require

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desperate times require desperate measures

proverb Extreme and undesirable circumstances or situations can only be resolved by resorting to equally extreme actions. Derived from the proverb, "Desperate diseases must have desperate remedies." I know that the austerity measures introduced by the government during the recession are unpopular, but desperate times require desperate measures.

drastic times require drastic measures

proverb Extreme and undesirable circumstances or situations can only be resolved by resorting to equally extreme actions. Derived from the proverb, "desperate diseases must have desperate remedies." I know that the austerity measures introduced by the government during the recession are unpopular, but drastic times require drastic measures.

leap of faith

1. An acceptance of or willingness to do something based largely or entirely on one's faith that it is correct or will work, despite having little or no evidence or assurance thereof. It will be quite the leap of faith for us to trust an outsider to run the organization, after the family has maintained control for over 100 years. I feel a bit wary that people seem so eager to make a leap of faith about driverless cars being free to drive in our streets.
2. In video games, a jump that the player's character is forced to make when the player is unable to see where they will land. Because the game doesn't offer any control over the camera, there are a number of occasions where you have to take a leap of faith and just hope for the best.
See also: faith, leap, of

require (someone or something) to (do something)

To demand or stipulate as obligatory that someone or something to something. The law requires you to disclose any and all assets held in foreign banks. We require all our guests to sign a waiver before going on the ride.
See also: require

require (something) from (someone or something)

1. To demand or stipulate as obligatory that someone or something provide, submit, or turn over something. The law requires a signed disclosure from each member of the board of directors. The bank requires collateral from all business taking out loans.
2. To have a necessity or requisite provided by someone or something. There are many people in the region who require the help of the government. I require more from life than just a roof over my head and three meals a day.
See also: require

require (something) of (someone or something)

To have a necessity or requisite provided by someone or something. Typically used when the required thing is vague or unspecified ("from" is more often used after "require" when the thing is specified). There are a few things we require of you before we can begin processing your information. We're still a little unclear as to what is required of us in this arrangement.
See also: of, require
Farlex Dictionary of Idioms. © 2015 Farlex, Inc, all rights reserved.

*leap of faith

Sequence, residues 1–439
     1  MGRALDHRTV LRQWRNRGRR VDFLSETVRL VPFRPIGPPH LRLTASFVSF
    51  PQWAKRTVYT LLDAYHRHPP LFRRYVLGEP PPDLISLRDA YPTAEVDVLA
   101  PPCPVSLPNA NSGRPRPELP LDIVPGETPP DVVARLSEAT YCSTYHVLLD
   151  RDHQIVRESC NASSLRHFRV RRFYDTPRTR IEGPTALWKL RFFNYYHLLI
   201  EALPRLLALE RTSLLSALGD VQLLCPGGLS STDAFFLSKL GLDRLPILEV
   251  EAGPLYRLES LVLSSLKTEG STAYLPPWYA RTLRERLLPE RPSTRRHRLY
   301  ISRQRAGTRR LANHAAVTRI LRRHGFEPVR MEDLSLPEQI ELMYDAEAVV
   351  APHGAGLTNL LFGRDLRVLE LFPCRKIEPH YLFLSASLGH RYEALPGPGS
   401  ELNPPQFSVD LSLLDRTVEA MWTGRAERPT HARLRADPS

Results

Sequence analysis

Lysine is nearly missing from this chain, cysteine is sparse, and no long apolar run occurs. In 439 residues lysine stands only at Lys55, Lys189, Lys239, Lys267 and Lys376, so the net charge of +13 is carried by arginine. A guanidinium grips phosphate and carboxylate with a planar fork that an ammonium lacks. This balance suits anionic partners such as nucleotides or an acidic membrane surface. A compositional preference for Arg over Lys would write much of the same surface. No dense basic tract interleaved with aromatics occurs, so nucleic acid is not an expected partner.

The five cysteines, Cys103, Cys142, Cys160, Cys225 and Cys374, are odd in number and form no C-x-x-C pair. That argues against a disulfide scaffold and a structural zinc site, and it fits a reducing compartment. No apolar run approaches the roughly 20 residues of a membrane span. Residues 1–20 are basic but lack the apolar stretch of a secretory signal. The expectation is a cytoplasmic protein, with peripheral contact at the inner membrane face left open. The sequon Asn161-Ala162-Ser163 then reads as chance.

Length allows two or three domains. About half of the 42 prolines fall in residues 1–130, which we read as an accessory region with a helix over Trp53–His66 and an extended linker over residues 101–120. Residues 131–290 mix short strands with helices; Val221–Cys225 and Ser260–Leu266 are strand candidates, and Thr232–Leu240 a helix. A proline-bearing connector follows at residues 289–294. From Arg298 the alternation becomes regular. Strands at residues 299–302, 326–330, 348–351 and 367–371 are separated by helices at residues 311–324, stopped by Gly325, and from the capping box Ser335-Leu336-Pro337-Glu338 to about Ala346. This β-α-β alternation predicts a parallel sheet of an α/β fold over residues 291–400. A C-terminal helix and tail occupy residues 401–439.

Fig. acceptance of an idea or conclusion largely on faith. (*Typically: be ~; make ~; require ~.) We had to make quite a leap of faith to accept his promise after the last time he let us down.
See also: faith, leap, of

require something from someone

to demand something from someone. The telephone company required a deposit from John and Martha before they would install a telephone. They required some help from us.
See also: require

require something of someone

to expect or demand someone to give or do something. I require absolute loyalty of my employees. What is required of me in this job?
See also: of, require
McGraw-Hill Dictionary of American Idioms and Phrasal Verbs. © 2002 by The McGraw-Hill Companies, Inc.

leap of faith

A belief or trust in something intangible or incapable of being proved. For example, It required a leap of faith to pursue this unusual step of transplanting an animals' heart into a human patient .
See also: faith, leap, of
The American Heritage® Dictionary of Idioms by Christine Ammer. Copyright © 2003, 1997 by The Christine Ammer 1992 Trust. Published by Houghton Mifflin Harcourt Publishing Company. All rights reserved.

leap of faith

The act or an instance of believing or trusting in something intangible or incapable of being proved.
See also: faith, leap, of
American Heritage® Dictionary of the English Language, Fifth Edition. Copyright © 2016 by Houghton Mifflin Harcourt Publishing Company. Published by Houghton Mifflin Harcourt Publishing Company. All rights reserved.

leap of faith

A belief or trust in something or someone that has no basis in past experience or fact. It is often applied to technological breakthroughs, as in “It took a real leap of faith for the first astronaut to step out on the Moon.” A Boston Globe article by Thomas Oliphant quotes Senator Edward Kennedy discussing a Supreme Court nominee: “The confirmation of nominees to our courts should not require a leap of faith. Nominees must earn their confirmation by providing us with full knowledge of the values and convictions they will bring to decisions. . . .” (Sept. 29, 2005).
See also: faith, leap, of
The Dictionary of Clichés by Christine Ammer Copyright © 2013 by Christine Ammer
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References in periodicals archive ?
Evolutionary and spiral acquisition models further the need for acquirers to assume a greater role in the requirements process and requirers to assume a greater role in the acquisition process (Slate, 2002).
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